"If we're leaving tomorrow, where can we stay tonight?" I asked.
"Don't you have a hotel room?" he replied.
"Uh, no. We were only booked into the Barceló Lina for one night. We were told we'd be leaving for Port-au-Prince today."
"And all the hotels in Santo Domingo are booked," Cairo said. I could just imagine him reciting special
Around mid-day, Cairo informed us that he was headed out to lunch. I asked if he minded if we might join him, partly for the company, and partly to pump him for information about the situation on the ground in Haiti, because Tom and I still knew basically nothing. Cairo replied that he was having lunch with a friend. Oh? We didn't want to impose. No, no, he didn't mind.
It turned out that his lunch date destination was that bastion of traditional Dominican cuisine, Taco Bell. This was actually fine by us, because it represented some notional last shred of predictability, before we flung ourselves into the slavering jaws of an unknown fate. It also turned out that the lunch date itself was with a very soft-spoken young woman who smiled a lot and spoke absolutely no English, and she was very very nice about us hijacking her lunch date to talk about the situation in Port-au-Prince.
God bless him, Cairo did manage to find us rooms at the Hotel Embajador, and even escorted us to the clinic, where the brash New York Dominican doctor refused to give either of us more than two shots that day, for reasons of safety, which was funny to me, because the doctor I saw in New York didn't seem nearly as conscientious. The doctor's assistant gave Tom vaccinations for Hepatitis B and for seasonal influenza. She made me watch, because, given that there'd be no time to return the following morning, I was going to have to be the one to administer his Hep A shot. Worse yet, the vaccine had to be kept refrigerated somehow. The doctor also promised us antibiotics for traveller's diarrhea, which we almost left the clinic without, and malaria meds for Tom, which we did leave the clinic without.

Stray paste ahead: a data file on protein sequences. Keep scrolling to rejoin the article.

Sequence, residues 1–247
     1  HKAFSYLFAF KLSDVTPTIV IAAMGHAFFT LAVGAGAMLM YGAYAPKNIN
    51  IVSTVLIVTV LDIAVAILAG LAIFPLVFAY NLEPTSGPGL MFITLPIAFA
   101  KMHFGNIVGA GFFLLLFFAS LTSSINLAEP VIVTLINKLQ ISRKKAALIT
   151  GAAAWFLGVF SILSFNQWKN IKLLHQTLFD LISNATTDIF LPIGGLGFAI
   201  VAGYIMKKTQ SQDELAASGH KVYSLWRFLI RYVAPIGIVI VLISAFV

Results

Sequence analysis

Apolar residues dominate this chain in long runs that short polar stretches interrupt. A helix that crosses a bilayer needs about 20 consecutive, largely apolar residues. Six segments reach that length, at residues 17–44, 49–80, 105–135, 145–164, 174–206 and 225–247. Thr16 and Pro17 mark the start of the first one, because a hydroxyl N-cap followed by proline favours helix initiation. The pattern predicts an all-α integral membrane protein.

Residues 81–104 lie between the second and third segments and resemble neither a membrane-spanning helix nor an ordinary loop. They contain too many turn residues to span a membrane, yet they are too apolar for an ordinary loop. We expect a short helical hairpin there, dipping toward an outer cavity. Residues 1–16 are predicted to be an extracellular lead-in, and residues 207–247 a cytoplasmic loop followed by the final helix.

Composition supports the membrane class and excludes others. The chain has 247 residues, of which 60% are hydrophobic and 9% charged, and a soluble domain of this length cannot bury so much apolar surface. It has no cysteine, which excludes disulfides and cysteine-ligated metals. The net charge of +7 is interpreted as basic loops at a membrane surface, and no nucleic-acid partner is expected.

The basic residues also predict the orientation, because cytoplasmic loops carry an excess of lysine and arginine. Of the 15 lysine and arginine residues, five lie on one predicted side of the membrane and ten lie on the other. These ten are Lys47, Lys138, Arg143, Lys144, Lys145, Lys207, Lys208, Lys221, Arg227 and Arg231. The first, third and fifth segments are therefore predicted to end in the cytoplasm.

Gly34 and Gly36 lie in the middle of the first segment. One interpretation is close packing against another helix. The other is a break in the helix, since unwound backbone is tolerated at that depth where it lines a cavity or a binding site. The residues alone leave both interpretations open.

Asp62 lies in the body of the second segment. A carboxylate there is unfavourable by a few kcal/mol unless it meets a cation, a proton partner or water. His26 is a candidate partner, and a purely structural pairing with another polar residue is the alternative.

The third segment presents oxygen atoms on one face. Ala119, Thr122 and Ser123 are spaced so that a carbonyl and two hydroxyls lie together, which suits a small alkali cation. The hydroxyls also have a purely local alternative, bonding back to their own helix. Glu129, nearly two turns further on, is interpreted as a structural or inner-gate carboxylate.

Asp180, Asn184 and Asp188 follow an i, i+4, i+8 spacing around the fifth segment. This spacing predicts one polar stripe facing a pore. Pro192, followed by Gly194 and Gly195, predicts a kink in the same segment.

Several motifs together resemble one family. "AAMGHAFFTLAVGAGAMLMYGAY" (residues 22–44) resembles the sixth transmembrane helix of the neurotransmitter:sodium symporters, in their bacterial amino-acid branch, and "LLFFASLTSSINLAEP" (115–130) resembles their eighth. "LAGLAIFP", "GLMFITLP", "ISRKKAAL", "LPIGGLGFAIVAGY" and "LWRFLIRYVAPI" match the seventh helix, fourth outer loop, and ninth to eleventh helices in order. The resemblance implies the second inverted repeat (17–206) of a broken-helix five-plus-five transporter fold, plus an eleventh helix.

Blessedly, Tom's luggage turned up, and was delivered to the office just before we left for the hotel. Of course, when we did leave the office for the hotel, we also left the Hep A vaccine in the fridge.
Mind you, I've left out about half of the petty dramas we encountered over the course of the day, and I mostly relate this inane narrative to give the flavor of what we were experiencing. Please don't get me wrong, if I could fill out a customer service card for the World Bank staff in Santo Domingo (and Cairo, in particular) I would rate them 5 stars in every category. Still, given all the chaos, I'd had the distinct and unerring feeling that no one had ever before tried to do what we were attempting, as if aid workers hadn't been streaming through Santo Domingo all month.
I guess Tom had been sort of thinking along similar lines. Earlier, on the way back from the clinic, he'd asked Cairo very pointedly, "What were the logistics like here in Santo Domingo immediately after the earthquake in Haiti?"
"Very confusing," said Cairo, "Very confusing."
"I can well imagine," I said absentmindedly, and then immediately regretted it.
"No," Cairo said flatly, "You can't."